“Breaking bread” has long been a universal symbol of social interaction. Although the phrase has Biblical origins, today the phrase commonly conjures up the idea of family and friends gathering around a table and sharing a meal. As is common on tables across America, this meal usually begins with the breadhouse.
Unfortunately, while many of our social interactions declined in 2020, bread-related allergies and intolerances – celiac disease among the most notable – have only increased, not just in 2020 of course, but steadily and rapidly. over the past decades. (According to Celiac.org, one in 100 people worldwide today suffers from this autoimmune disease, with the number of people affected doubling every 15 years)
Plus, while high-carb comfort foods have surely soothed some of our heartaches of staying at home, these high-carb, high-glycemic-index provisions – including almost all baked goods and breads. grocery store – always (and increasingly!) have a bad reputation. according to many doctors and nutritionists across the country.
So what if you avoid gluten, cut carbs, or eat naturally (or all of the above) and still want to break bread (and eat it, too)?
Have a slice of Barely Bread!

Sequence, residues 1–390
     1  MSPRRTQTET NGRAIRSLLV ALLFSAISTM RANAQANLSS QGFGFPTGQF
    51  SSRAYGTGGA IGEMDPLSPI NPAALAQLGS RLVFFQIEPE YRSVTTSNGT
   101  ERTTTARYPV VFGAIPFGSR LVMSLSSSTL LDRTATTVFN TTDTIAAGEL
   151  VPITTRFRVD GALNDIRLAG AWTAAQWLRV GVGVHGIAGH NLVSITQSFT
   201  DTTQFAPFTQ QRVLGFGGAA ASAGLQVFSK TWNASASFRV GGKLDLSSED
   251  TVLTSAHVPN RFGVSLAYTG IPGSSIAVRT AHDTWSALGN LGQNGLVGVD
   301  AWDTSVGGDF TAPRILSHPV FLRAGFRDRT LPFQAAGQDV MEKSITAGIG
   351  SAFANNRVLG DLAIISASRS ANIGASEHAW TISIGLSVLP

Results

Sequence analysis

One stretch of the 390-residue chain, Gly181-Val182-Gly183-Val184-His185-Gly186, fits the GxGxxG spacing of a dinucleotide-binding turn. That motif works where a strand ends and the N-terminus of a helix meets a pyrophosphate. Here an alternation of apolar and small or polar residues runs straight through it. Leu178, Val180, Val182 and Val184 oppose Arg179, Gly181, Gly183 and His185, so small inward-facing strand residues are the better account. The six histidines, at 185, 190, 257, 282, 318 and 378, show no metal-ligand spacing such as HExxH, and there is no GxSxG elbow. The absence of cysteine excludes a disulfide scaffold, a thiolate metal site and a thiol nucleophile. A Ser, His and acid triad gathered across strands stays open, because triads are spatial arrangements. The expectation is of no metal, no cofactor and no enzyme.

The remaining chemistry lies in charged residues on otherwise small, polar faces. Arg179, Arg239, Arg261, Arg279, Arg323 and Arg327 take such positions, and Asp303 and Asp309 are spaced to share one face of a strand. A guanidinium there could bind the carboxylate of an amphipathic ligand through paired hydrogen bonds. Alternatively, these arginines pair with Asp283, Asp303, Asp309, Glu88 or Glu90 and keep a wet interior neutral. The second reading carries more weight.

Barely Bread is a unique bread company that not only makes gluten and grain free bread, bagels and more, but its products are also particularly low in carbohydrates and high in fiber.
Made with almond, coconut and cassava flour, their bread is nutrient dense, low on the glycemic index, and made with ingredients you can understand and pronounce, without any preservatives. And for those checkboxes, Barely Bread is also Paleo Certified, Keto Certified, with a delicious nutty flavor and great toasty texture.
In comparison, an average slice of traditional white, wheat, or multigrain bread (according to data provided by the USDA) has almost no fiber, around 11 to 15 grams of carbohydrate, and is usually loaded with preservatives and fillers. A barely similar sized slice of bread has 5 grams of fiber and only 1 net carbs (net carbs = total carbs minus fiber) without a single preservative, gum, or filler.
Unfortunately, in a world of social distancing, we still can’t come together around a big table, but we can take small steps (and big bites) towards better health. Together, let’s recreate our typical two-slice sandwich (with at least 30 net carbs and no fiber) and broil (and broil).